While an El Niño has not yet been officially declared, the telltale water temperatures and wind patterns that are associated with an El Niño are all in place and I expect an official move from an El Niño Watch to an Advisory in the near future. The forecast for this winter is less certain than in the very strong El Niño of 2015-2016, which means that we are less sure of what the winter climate will actually be than in that winter.
This El Niño has been slow to develop, and we are just starting to see the classic weather patterns that are often associated with El Niño, including a strong storm track across northern Florida and southern Georgia and Alabama. The storm track is likely to bring cooler and wetter conditions to that part of the Southeast over the winter as the subtropical jet stream pushes storm systems through the area. Cooler temperatures are due in part to the increase in daytime cloudiness that comes along with the rain and storms, and does not necessarily mean that we will see more cold nights or frost. However, in any weak to moderate El Niño, there is a larger chance than usual of variability in the large-scale weather patterns across the US, and we could see periods of well-below normal temperatures as the polar jet stream dips south across the Eastern US, even as the general trend in temperatures in the Southeast is towards warmer temperatures. Even though late frosts are not particularly associated with El Niño winters, if our weather gets locked into a cold pattern in February or March, it could be an issue. However, cooler temperatures over the winter could help with the number of chill hours for fruit crops and delay the development of buds and flowers until later in the spring than we have seen in the past few years.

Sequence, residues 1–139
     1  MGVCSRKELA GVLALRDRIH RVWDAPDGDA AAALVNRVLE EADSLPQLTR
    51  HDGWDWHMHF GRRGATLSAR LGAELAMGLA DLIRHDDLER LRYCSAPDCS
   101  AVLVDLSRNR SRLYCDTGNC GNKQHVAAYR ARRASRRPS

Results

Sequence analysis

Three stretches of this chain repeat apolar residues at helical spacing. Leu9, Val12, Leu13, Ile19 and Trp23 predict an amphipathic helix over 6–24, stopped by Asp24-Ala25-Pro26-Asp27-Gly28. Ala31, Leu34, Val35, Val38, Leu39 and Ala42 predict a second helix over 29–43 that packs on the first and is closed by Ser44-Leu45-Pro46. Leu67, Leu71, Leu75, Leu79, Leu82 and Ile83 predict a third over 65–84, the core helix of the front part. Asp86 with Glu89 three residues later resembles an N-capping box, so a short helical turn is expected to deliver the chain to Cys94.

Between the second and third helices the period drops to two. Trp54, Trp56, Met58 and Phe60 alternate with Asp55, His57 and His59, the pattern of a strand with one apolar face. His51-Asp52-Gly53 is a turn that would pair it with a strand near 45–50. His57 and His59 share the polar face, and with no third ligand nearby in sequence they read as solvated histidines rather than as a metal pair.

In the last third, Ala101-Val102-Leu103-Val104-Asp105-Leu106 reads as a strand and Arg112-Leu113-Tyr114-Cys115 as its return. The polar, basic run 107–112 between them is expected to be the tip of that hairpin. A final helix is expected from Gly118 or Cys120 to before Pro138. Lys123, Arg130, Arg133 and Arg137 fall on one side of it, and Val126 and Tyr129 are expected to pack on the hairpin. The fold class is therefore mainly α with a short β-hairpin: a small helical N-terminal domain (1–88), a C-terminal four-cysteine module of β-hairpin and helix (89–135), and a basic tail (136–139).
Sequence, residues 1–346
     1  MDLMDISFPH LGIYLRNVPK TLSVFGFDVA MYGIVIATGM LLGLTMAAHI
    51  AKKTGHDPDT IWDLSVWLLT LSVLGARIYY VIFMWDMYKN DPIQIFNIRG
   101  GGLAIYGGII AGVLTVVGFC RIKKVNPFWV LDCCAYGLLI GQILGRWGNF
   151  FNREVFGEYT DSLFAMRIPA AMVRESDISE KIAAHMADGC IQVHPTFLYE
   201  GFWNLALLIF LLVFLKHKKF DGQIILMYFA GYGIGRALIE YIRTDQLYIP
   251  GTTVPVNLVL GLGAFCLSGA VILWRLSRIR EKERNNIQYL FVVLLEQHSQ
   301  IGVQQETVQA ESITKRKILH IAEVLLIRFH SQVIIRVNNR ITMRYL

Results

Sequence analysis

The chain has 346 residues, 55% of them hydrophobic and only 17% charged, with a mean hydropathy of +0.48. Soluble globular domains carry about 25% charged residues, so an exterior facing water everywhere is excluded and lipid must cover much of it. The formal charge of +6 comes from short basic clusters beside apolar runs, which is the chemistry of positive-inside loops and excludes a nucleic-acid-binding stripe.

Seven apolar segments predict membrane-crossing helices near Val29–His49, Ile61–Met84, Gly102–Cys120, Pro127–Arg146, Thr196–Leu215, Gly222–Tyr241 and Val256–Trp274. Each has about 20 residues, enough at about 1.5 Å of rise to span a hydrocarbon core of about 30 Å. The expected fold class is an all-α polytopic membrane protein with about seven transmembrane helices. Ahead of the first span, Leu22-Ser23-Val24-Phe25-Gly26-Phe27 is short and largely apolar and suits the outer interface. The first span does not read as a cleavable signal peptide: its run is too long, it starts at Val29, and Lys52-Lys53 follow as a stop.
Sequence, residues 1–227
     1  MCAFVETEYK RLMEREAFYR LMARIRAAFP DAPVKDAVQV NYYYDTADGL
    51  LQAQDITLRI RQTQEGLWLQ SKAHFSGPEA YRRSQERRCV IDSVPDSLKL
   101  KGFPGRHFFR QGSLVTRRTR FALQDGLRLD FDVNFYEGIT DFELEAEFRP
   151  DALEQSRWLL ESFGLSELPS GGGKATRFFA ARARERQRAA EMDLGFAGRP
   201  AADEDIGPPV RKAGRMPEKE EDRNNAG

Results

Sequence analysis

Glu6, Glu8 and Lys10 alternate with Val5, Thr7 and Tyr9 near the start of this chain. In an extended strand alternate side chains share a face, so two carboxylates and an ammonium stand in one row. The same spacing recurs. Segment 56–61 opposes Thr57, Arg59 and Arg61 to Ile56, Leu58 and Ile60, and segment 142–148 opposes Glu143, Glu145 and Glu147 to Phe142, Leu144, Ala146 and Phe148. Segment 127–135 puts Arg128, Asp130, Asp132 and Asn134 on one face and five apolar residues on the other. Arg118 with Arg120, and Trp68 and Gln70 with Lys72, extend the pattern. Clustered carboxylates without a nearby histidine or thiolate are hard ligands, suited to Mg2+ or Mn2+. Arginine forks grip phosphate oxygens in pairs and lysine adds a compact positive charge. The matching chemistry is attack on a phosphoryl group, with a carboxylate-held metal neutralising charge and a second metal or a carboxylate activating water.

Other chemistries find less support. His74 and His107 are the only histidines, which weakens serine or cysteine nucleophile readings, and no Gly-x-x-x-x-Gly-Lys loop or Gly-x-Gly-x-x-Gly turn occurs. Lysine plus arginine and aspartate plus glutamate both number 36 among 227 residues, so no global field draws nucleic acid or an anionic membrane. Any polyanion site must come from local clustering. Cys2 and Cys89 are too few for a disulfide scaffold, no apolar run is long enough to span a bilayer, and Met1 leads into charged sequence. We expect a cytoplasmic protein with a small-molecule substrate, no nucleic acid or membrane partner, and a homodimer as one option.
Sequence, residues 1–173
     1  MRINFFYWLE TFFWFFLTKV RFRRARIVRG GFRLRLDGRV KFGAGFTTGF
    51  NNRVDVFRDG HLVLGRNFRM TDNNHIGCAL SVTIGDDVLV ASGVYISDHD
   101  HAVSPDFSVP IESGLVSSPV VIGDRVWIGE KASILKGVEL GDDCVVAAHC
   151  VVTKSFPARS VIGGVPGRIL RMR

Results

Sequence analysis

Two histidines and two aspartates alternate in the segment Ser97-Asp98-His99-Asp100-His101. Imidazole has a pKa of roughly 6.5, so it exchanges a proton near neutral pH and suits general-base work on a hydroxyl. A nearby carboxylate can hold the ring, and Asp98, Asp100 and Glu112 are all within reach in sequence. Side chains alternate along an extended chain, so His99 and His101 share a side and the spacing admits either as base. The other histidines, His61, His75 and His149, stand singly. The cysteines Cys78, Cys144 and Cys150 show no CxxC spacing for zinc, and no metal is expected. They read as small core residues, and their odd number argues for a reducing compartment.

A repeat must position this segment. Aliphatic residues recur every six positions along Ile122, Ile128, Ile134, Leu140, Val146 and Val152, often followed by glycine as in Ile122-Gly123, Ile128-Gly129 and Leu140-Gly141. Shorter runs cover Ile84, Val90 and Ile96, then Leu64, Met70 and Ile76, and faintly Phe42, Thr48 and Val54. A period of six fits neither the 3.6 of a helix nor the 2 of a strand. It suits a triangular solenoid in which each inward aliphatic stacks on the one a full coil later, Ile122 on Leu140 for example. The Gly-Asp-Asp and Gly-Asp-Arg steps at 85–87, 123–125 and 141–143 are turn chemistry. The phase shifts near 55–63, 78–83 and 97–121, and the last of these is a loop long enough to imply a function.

With that said, I expect southern Alabama and Georgia as well as northern Florida to see cooler than normal temperatures and wetter than normal precipitation over the next few months, although it may vary quite a bit over the season. Folks that are farther to the north, including northern Alabama and Georgia, are going to see more variable weather, including the possibility of more cold air outbreaks and less precipitation. The El Niño is expected to last until spring but is likely to go back to neutral conditions after that, since El Niños seldom last more than one winter. Soil moisture conditions for the 2019 spring planting season should be good although there may be some areas with too much moisture. The drought likelihood for next growing season is reduced after an El Niño winter because more moisture is retained in the soils going into the next summer. This is good news for producers who have seen some dry conditions develop this year in areas away from the paths of our 2018 tropical systems.
For a detailed discussion of all of the global and regional climate factors that go into the winter forecast, you will be sure to want to read the detailed discussion put out by the State Climate Office of North Carolina this week. Although the specific impacts on Georgia, Alabama and Florida differ somewhat from what is likely to happen in North Carolina since NC is farther north and east, the basic discussion on these patterns should be very helpful in putting this coming winter in context. You can read it at http://climate.ncsu.edu/climateblog?id=273&h=5666e5c1.